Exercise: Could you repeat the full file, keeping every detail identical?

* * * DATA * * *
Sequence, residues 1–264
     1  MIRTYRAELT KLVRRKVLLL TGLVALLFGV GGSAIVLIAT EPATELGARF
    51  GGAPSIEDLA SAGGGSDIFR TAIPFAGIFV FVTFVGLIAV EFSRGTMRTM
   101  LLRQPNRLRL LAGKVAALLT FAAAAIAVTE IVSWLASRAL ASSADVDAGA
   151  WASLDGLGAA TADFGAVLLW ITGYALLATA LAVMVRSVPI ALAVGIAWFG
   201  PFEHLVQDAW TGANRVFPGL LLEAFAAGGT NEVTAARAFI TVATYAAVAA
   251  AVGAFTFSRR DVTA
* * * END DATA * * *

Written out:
Sequence, residues 1–264
     1  MIRTYRAELT KLVRRKVLLL TGLVALLFGV GGSAIVLIAT EPATELGARF
    51  GGAPSIEDLA SAGGGSDIFR TAIPFAGIFV FVTFVGLIAV EFSRGTMRTM
   101  LLRQPNRLRL LAGKVAALLT FAAAAIAVTE IVSWLASRAL ASSADVDAGA
   151  WASLDGLGAA TADFGAVLLW ITGYALLATA LAVMVRSVPI ALAVGIAWFG
   201  PFEHLVQDAW TGANRVFPGL LLEAFAAGGT NEVTAARAFI TVATYAAVAA
   251  AVGAFTFSRR DVTA